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Detroit Windsor Tunnel will undergo renovations later this year

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Lunch across the river. A weekend in Windsor or a night out in Canada. Southeast Michigan makes good use of the Detroit Windsor Tunnel, so obviously we want that tunnel in great shape.

After years of faithful service to the citizens of two countries the tunnel will have the ceiling removed and replaced, along with the electrical, lighting, masonry and communications work later this year. The project is funded by the Detroit Windsor Tunnel LLC and the Windsor Detroit Tunnel Corporation. The actual work will be done by Parsons Brinckerhoff Engineering, the same company that designed and built the Detroit-Windsor Tunnel more than 85 years ago.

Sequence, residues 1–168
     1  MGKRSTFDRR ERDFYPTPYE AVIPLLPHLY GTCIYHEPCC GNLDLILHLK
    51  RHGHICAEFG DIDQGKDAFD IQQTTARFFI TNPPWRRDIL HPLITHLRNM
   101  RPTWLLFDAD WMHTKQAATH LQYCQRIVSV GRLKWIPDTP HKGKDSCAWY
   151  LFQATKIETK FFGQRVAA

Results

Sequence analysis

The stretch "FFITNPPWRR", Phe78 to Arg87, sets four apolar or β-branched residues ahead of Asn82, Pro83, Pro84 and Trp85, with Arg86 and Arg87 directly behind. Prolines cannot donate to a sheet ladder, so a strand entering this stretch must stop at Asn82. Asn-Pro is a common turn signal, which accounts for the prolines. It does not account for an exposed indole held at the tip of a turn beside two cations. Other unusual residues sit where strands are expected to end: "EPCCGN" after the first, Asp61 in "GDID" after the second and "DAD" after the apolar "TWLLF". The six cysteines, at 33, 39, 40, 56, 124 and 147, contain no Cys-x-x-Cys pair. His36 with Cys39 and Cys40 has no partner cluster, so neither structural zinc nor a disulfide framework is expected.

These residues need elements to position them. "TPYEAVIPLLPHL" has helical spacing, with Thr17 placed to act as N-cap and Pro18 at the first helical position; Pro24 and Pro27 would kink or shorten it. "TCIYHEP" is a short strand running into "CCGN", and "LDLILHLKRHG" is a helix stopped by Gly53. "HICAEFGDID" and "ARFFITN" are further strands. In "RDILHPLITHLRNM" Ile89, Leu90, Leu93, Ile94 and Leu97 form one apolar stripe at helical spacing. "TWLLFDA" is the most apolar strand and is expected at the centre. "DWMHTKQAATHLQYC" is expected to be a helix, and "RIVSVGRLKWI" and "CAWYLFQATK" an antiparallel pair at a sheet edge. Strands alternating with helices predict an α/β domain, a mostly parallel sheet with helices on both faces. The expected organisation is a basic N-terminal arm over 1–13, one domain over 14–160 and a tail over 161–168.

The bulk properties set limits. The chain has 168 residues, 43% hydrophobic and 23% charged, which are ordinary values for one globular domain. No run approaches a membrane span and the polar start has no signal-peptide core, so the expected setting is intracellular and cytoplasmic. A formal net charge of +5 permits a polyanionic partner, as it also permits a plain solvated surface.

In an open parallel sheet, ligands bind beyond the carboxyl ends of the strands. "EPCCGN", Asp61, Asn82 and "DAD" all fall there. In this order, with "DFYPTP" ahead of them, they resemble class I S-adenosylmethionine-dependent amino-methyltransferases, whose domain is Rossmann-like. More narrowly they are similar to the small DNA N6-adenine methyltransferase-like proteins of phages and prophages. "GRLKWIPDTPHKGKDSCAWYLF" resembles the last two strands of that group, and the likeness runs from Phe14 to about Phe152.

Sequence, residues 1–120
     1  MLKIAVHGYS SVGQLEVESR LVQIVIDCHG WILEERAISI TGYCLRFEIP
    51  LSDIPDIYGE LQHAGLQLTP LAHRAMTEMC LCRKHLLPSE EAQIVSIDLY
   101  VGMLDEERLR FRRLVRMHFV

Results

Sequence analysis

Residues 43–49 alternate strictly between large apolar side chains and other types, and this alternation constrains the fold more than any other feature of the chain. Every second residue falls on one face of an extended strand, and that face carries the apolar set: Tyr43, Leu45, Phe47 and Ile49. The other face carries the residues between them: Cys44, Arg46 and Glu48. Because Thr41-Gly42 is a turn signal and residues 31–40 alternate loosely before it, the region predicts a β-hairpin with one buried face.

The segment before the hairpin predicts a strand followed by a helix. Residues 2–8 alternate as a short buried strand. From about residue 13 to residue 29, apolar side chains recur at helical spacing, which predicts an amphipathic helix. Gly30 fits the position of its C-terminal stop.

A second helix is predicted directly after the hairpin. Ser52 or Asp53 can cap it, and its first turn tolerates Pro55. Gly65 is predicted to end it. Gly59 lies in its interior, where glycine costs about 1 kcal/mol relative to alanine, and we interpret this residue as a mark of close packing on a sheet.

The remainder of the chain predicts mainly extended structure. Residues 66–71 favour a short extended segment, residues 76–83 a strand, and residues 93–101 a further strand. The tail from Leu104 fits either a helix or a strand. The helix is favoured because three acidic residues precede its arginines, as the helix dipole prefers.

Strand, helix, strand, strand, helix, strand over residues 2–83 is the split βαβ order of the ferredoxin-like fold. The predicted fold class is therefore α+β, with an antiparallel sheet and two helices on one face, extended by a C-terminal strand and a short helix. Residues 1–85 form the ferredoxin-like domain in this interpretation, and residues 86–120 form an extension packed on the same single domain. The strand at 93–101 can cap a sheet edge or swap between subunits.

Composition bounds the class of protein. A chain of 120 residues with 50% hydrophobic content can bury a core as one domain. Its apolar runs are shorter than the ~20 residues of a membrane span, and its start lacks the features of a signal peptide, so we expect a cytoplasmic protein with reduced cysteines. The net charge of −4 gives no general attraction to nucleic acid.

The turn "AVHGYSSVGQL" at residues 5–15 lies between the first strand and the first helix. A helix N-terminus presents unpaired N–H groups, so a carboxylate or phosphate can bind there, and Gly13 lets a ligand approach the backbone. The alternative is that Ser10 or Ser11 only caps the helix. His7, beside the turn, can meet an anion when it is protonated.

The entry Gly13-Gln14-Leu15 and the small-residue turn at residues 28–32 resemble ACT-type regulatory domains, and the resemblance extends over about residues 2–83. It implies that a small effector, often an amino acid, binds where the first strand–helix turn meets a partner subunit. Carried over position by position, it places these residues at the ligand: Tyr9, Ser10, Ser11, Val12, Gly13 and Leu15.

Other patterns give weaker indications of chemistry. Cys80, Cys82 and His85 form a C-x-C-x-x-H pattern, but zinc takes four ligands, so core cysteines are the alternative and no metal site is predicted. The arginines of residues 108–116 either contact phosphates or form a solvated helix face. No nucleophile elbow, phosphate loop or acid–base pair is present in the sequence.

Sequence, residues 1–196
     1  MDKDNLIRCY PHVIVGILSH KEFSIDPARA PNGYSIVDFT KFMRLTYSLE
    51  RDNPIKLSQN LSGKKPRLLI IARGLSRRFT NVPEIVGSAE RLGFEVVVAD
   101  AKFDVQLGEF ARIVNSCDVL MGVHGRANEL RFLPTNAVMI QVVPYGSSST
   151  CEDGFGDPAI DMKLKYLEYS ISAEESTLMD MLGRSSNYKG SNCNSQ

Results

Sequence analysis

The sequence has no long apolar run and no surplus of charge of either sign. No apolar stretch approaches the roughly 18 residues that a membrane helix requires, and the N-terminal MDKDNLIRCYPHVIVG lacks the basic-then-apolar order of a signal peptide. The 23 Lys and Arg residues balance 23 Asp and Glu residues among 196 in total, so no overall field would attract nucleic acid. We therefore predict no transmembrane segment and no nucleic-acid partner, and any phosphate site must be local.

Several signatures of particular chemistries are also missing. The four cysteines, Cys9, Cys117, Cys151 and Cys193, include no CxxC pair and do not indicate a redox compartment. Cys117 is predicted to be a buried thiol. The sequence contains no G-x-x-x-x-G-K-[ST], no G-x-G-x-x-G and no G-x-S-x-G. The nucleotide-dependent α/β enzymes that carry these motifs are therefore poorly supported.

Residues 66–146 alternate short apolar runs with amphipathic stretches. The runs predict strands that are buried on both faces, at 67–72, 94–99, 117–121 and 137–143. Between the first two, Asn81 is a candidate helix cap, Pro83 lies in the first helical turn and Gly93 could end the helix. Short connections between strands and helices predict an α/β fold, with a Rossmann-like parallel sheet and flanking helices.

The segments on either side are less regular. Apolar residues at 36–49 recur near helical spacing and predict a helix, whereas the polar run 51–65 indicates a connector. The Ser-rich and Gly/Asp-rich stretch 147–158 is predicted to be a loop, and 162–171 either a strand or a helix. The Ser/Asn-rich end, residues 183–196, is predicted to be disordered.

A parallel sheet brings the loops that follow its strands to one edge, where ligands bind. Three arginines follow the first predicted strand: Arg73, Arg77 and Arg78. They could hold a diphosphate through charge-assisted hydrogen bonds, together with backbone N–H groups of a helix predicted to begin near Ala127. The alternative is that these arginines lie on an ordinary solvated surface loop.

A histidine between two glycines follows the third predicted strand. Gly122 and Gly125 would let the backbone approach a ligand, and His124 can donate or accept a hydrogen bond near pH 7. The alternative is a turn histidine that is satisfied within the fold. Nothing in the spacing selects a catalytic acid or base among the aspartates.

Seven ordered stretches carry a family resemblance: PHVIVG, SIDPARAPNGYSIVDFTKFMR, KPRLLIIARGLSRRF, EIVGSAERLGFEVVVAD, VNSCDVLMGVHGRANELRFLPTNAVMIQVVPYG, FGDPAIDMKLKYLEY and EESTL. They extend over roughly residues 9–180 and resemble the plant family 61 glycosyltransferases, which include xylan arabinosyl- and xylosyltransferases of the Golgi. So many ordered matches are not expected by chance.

While certainly an inconvenience, the fix-ups are certainly for needed and come on the heels of the Windsor plaza renovations completed by the Province of Ontario in 2015.

Beyond a means to get from one city to another, the tunnel has important historical significance. Built in 1930, it is the only underwater-tunnel for automobiles that crosses International borders in the entire world. About 12,000 vehicles drive through the tunnel daily and about nine million go through each year … 95% are cars and 5% are trucks. To keep it comfortable and safe 1.5 million cubic feet of fresh air is pumped into the tunnel each minute.

As you drive the approximate mile length of the tunnel, you are 75 feet below the Detroit River. Your drive is made possible by 574 lights, 80,000 cubic yards of concrete, and 750 tons of reinforced steel.